suffixes of the form @samp{<@var{n}>} to @var{name}, where @var{n} is an
integer.  It tries successive integers starting with 2 until it finds an
available name.

An error is signaled if @var{name} is not a string.

@example
@group
(generate-new-buffer "bar")
     @result{} #<buffer bar>
@end group
@group
(generate-new-buffer "bar")
     @result{} #<buffer bar<2>>
@end group
@group
(generate-new-buffer "bar")
     @result{} #<buffer bar<3>>
@end group
@end example

The major mode for the new buffer is set to Fundamental mode.  The
variable @code{default-major-mode} is handled at a higher level.
@xref{Auto Major Mode}.

See the related function @code{generate-new-buffer-name} in @ref{Buffer
Names}.
@end defun

@node Killing Buffers
@section Killing Buffers
@cindex killing buffers
@cindex buffers, killing

  @dfn{Killing a buffer} makes its name unknown to Emacs and makes the
memory space it occupied available for other use.

  The buffer object for the buffer that has been killed remains in
existence as long as anything refers to it, but it is specially marked
so that you cannot make it current or display it.  Killed buffers retain
their identity, however; if you kill two distinct buffers, they remain
distinct according to @code{eq} although both are dead.

  If you kill a buffer that is current or displayed in a window, Emacs
automatically selects or displays some other buffer instead.  This means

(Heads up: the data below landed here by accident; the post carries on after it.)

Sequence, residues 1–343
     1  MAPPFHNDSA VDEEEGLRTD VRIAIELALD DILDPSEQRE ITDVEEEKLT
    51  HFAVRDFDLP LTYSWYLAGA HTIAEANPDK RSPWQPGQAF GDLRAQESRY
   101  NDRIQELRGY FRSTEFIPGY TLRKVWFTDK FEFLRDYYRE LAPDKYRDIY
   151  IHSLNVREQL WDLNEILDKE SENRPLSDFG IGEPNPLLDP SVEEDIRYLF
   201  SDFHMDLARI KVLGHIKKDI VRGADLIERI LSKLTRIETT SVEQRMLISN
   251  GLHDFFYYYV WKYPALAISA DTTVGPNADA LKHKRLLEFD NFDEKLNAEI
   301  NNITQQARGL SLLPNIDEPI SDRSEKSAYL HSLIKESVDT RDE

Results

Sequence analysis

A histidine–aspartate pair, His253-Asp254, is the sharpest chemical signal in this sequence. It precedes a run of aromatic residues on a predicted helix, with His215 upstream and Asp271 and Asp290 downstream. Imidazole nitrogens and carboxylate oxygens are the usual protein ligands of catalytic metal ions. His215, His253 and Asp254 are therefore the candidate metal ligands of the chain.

that killing a buffer can in general change the current buffer.
Therefore, when you kill a buffer, you should also take the precautions
associated with changing the current buffer (unless you happen to know
that the buffer being killed isn't current).  @xref{Current Buffer}.

  If you kill a buffer that is the base buffer of one or more indirect
buffers, the indirect buffers are automatically killed as well.

  The @code{buffer-name} of a killed buffer is @code{nil}.  You can use
this feature to test whether a buffer has been killed:

@example
@group
(defun buffer-killed-p (buffer)
  "Return t if BUFFER is killed."
  (not (buffer-name buffer)))
@end group
@end example

@deffn Command kill-buffer buffer-or-name
This function kills the buffer @var{buffer-or-name}, freeing all its
memory for other uses or to be returned to the operating system.  If
@var{buffer-or-name} is @code{nil}, it kills the current buffer.